A recent study in the journal Bioethics finds that "moral enhancement technologies" are neither feasible nor wise, based on an assessment of existing research into these technologies.
The idea behind moral enhancement is to use biomedical techniques to make people more moral. Drugs, surgical techniques or neurological interventions are often mentioned as examples.
"There are existing ways that people have explored to manipulate morality, but the question we address in this paper is whether manipulating morality actually improves it," says Veljko Dubljevic, of North Caroline State University.
Dubljevic and co-author Eric Racine, of Montreal Clinical Research Institute, reviewed research on moral enhancement technologies to assess their effects and how they may apply in real-world circumstances. They examined four types of pharmaceutical interventions and three neurostimulation techniques:
"In short, moral enhancement is not feasible -- and even if it were, history shows us that using science to in an attempt to manipulate morality is not wise," Dubljevic says.
The researchers found different problems for each of the pharmaceutical approaches.
"Oxytocin does promote trust, but only in the in-group," Dubljevic notes. "And it can decrease cooperation with out-group members of society, such as racial minorities, and selectively promote ethnocentrism, favouritism, and parochialism."
The researchers also found that amphetamines boost motivation for all types of behaviour, not just moral behaviour. Moreover, there are significant risks of addiction associated with amphetamines. Beta blockers were found not only to decrease racism, but to blunt all emotional response which puts their usefulness into doubt. SSRIs reduce aggression, but have serious side-effects, including an increased risk of suicide.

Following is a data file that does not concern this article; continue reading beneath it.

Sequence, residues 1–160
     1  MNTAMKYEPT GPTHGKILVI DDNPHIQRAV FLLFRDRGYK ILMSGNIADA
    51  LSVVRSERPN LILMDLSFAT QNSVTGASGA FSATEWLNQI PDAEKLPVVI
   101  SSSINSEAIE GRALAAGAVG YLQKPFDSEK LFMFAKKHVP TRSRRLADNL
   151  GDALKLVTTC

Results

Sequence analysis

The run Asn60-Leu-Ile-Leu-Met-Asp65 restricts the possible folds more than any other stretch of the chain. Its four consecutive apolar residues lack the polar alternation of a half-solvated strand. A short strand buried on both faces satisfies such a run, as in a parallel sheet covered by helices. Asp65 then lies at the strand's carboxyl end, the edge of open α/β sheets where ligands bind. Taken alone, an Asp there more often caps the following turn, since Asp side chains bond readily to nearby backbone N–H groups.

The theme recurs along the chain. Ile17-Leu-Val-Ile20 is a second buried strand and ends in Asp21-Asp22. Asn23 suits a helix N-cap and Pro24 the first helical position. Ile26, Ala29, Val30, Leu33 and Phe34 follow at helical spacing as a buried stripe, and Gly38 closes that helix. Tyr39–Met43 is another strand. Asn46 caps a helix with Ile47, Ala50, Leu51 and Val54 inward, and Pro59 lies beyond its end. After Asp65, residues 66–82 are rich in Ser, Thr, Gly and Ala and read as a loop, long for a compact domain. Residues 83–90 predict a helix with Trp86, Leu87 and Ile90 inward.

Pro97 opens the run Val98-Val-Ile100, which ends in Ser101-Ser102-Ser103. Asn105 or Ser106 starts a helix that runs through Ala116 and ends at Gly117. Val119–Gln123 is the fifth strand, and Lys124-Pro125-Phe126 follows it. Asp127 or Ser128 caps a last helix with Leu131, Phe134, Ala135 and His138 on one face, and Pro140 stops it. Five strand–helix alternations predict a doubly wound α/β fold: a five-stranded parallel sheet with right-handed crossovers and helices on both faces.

In addition to physical side effects, the researchers also found a common problem with using either TMS or TCDS technologies.
"Even if we could find a way to make these technologies work consistently, there are significant questions about whether being more utilitarian in one's decision-making actually makes one more moral," Dubljevic says.
Lastly, the researchers found no evidence that deep brain stimulation had any effect whatsoever on moral behavior.
"Our goal here is to share a cautionary note with those who are discussing different techniques for moral enhancement," Dubljevic says. "I am in favour of research that is done responsibly, but against dangerous social experiments."
Saturday, May 20, 2017
The Economist is the world’s best news magazine. Its stylish, intelligent and well-informed coverage has made it the Bible of the global elite. “I used to think. Now I just read The Economist,” the former CEO of Oracle, Larry Ellison, once said.
Part of its appeal is its ideological consistency. Ever since 1843 The Economist has argued that aim of public policy should be to promote the market economy as the best way of achieving prosperity and democracy. A light touch of government regulation is needed only to ensure fairness and legal certainty. Thus it embodies the “classical 19th-century Liberal ideas” which made Britain, and later the United States, a bulwark of capitalism.
Whatever the merits of this ideology in framing public policy for economics and finance, it is ill-suited to questions of personal behaviour.
In principle The Economist supports all autonomous action which is either harmless (in its view) or profitable. Hence, in recent years it has thrown its considerable prestige behind campaigns for the legalisation and regulation of drugs, pornography, prostitution, euthanasia, and same-sex marriage.
And this month it has taken up cudgels in favour of an international market in surrogate mothers and babies. “Carrying a child for someone else should be celebrated—and paid”, is the defiant headline of its editorial. Given the magazine’s influence, this is a significant development. What do you think of it?
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